May 24, 2024

The Bihar

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Storm, bug threat to litchis

2 min read

Muzaffarpur/ Bettiah: Traditional growers of the Shahi variety of litchi, gauging the juicy flesh, have started plucking the fruits to make lucrative gains from sale of the product.

However, quality litchis are being mostly sent out to Lucknow, Kanpur and Delhi and other far-off destinations, apparently to fetch a high market price. Following the hailstorm that lashed on the night of May 13, the litchi crop has been damaged to a great extent.

“Fruits have fallen off the trees in the hailstorm and the farmers are apprehensive of a repeat hailstorm in near future. So, they have hurriedly decided to send the fruits to big cities to fetch a high price by plucking them from the orchards,” said Surendranath, the joint director of agriculture.

Director of National Research Centre for Litchi (NRCL), Muzaffarpur, Vishal Nath confirmed that the Shahi litchis are being plucked and being sold for Rs 180 per 100 fruits in the local market.

“Although the Shahi litchi is yet to attain full maturity, the growers are not in a mood to take risk, apprehending vagaries of nature. Almost five trucks of Shahi litchis are being sent to Lucknow, Kanpur and Delhi markets daily from May 15 through buyers of litchi orchards mostly belong outside the Delhi and Haryana,” said Bholanath Jha, a litchi grower.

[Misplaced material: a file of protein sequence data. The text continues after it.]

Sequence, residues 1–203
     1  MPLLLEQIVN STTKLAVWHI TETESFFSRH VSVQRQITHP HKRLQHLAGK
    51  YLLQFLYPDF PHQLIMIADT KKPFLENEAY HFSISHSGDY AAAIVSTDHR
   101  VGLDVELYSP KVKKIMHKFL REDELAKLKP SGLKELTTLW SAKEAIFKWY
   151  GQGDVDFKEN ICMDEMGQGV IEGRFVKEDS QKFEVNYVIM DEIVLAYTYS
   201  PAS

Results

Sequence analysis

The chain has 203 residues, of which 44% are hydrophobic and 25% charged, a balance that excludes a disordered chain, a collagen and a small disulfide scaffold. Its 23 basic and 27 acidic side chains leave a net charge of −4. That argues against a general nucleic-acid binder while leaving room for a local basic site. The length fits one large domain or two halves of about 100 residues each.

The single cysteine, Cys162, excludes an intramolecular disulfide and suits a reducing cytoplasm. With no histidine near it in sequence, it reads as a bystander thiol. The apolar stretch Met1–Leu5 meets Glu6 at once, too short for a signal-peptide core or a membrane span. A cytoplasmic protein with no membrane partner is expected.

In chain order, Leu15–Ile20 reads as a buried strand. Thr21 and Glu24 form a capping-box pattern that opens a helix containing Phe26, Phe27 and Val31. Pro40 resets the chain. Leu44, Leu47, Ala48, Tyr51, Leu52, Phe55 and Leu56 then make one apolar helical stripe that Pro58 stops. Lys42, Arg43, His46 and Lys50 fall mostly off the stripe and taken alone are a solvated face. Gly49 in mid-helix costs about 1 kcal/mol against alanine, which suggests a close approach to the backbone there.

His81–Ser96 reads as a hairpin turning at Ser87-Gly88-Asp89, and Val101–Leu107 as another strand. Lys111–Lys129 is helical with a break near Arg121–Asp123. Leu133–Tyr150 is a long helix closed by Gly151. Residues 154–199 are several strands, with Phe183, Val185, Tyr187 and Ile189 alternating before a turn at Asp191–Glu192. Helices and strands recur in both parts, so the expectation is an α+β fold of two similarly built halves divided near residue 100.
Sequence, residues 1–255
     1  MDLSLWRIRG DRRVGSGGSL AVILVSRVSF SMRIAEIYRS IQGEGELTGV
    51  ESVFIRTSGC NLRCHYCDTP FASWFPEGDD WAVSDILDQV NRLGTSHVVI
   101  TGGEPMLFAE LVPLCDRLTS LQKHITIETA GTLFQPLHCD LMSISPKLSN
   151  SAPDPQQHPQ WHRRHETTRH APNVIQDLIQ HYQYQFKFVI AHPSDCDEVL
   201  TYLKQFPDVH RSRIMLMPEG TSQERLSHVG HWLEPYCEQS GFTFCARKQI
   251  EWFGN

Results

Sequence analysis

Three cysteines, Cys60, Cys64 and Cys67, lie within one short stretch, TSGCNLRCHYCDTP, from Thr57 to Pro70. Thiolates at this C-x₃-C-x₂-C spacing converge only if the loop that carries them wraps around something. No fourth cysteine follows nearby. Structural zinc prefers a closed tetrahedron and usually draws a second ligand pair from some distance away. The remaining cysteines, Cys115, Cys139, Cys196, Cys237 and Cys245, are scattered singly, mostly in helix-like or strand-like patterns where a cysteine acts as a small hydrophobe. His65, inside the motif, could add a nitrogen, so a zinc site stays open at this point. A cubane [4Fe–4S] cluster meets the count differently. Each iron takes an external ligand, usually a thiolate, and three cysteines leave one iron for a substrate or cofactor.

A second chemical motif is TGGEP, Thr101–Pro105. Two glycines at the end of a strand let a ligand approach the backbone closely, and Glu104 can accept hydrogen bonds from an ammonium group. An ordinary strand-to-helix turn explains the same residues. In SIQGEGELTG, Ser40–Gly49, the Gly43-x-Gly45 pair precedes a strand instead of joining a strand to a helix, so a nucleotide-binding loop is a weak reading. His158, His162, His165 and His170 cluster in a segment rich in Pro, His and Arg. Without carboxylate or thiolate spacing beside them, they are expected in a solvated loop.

“Cloudy weather and the easterly wind blowing here has delayed its ripening. Generally, litchi fruits get their characteristic pinkish skin colour owing to heat and high temperature,” said the NRCL director.

Meanwhile, NRCL has identified the mysterious-looking insect that struck the litchi belt in East Champaran’s Mehsi area as a sting bug belonging to the Tesertoma Javanika species.

“The insect was certainly unknown and unheard of in Bihar. Though they are conspicuous by their presence in Jharkhand, where Kusum is their host plant. So we reckon that the insects have migrated from Jharkhand,” said NRCL director Vishal Nath.

“Its impact has been seen on litchis. But the possibility of its scourge on mangoes and other plants cannot be ruled out. This insect can ravage the fruit completely, depending upon the stage and size if action is not taken immediately,” said the director.

A team of scientists made an on-the-spot investigation on Wednesday and prescribed immediate spraying of Trizophos (1.5ml), followed by Lemda Xylocine (.5 ml) to prevent the further scourge.

“The insect is also known for developing its immunity fast to medicines too. We needed to keep a close tab on this. It’s high time when peasants should take precautionary measures in March, which is breeding time for insects,” said Vishal Nath.

Courtesy: The Telegraph

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